If you look at the solutions to the most pressing global problems, such as climate change, poverty or gender inequality, you will see that they have one thing in common: they rely on someone doing something differently. People switching to more efficient sources of energy. Farmers adopting more effective agronomic practices. Men taking on responsibilities for household chores. Politicians supporting more favourable policy environment. Whatever social or environmental challenge you want to tackle, behaviour change is likely to be at its core. 

The single best way of enabling people to adopt positive behaviours is to understand and address the factors that: 1) prevent them from adopting these behaviours, and those that:  2) motivate them to adopt the behaviours. The more you understand people’s perceptions and practices, the more effective your behaviour change intervention is likely to be. This website offers several research methods that help you to understand peoples’ behaviours.

The only one who can actually change a person’s behaviour is the person himself/ herself, not a relief or development organization. The role of such organizations is to enable people to practice those behaviours that are proven to effectively address the given problems and are supported by the key stakeholders. With the exception of serious risk or harm-inducing behaviours (such as violence against women), the choice of whether a person will (not) practice the promoted behaviour is ultimately his/ her own free will.

There are several easy steps you can take to learn more about behaviour change:

  • watch a brief video about the main behaviour change myths

  • read our practical Behaviour Change Toolkit

  • explore the Resource section of this website

  • ask your colleagues to go through these resources and then together discuss how you can use the know-how they offer

You are right – our workload is often high and new approaches that we are told to learn and follow are constantly mushrooming. However, since your work takes up so much of your life, you are likely to want this time to be well spent – on things that actually achieve the objectives of your projects and avoid wasted efforts. And this is exactly what developing your behaviour change expertise is about – designing your projects in a way that delivers much better results. Yes, it requires an initial effort; however, it pays off generously in the resulting good quality, positive impact and satisfaction achieved by your work. So let’s give it a try!

You are right that some changes take time (for example, when it comes to changing social norms). However, many barriers can be tackled even within a one-year project. The key is that right at the beginning of the project you conduct rapid formative research (focusing on a limited number of behaviours) and analyse which of the identified barriers can realistically be addressed within the limited time you have. You can help people to make progress along the path to the adoption of a new behaviour (pre-awareness ↔ awareness ↔ preparation ↔ action ↔ maintenance), for example, by helping them to move from the awareness to action stage.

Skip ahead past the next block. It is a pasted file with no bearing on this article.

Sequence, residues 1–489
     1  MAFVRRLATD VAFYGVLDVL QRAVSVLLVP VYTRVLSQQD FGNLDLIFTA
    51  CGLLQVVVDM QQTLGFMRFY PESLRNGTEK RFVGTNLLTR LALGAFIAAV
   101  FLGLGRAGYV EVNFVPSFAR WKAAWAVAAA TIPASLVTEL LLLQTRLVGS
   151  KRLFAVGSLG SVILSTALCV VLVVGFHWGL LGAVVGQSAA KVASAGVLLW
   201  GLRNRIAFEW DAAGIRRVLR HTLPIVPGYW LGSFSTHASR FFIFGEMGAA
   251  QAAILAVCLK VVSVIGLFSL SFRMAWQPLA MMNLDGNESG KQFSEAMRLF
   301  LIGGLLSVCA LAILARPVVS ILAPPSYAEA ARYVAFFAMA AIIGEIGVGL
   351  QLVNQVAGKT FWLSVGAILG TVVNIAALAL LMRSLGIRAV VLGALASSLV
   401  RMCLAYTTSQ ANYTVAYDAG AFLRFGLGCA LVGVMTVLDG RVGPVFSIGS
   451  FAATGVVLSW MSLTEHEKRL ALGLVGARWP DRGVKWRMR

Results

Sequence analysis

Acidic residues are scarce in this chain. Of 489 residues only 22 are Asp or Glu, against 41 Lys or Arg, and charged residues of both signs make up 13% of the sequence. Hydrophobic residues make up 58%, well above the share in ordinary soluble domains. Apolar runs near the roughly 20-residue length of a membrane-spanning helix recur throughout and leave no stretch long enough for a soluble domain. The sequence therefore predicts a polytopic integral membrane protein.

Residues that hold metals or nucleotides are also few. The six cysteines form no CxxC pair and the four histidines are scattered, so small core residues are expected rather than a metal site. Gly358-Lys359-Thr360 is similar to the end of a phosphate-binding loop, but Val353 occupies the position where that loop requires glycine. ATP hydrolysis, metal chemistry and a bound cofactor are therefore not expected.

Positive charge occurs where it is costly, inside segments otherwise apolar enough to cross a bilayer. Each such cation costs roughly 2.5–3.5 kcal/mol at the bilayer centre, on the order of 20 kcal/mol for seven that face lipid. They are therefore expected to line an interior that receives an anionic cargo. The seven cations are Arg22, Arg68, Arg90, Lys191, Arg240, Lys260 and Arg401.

Formative research is a usually a process of a few weeks that is used to better understand the factors that determine whether people adopt (and sustain) the behaviours we intend to promote. It supplements the information collected by the quantitative studies, such as baseline survey. Formative research often makes relief and development interventions more effective as it helps the project staff to focus their attention on things that determine whether or not (and to what extent) the target group members adopt the desired behaviours. Considering how big a difference such insights can make, formative research is definitely worth the effort.

Once you have conducted the formative research, the first thing to do is to examine your current behaviour change strategy and identify ways in which you can address the barriers through the existing strategy.  For example, if you are promoting behaviour change through health talks, you can maintain the talks, but change the content of the talk to address the barriers. However, if your current strategy does not address a key barrier, then you may need to initiate a new behaviour change activity. Your project proposal and budget needs to be designed in a way that allows some flexibility, so that you can respond to the formative survey’s findings.

Since the formative research we conduct cannot always study all the behaviours our projects intend to promote, focus on:

   - behaviours for which there is a clear (scientific) evidence that they have direct, significant impact on achieving the project’s goals (i.e. on solving the problem your project is addressing)

   - behaviours that people do not practice and you do not know why

   - behaviours that you can influence within your project’s budget and time

   - behaviours that you aim to influence at a larger scale and are therefore worth the investment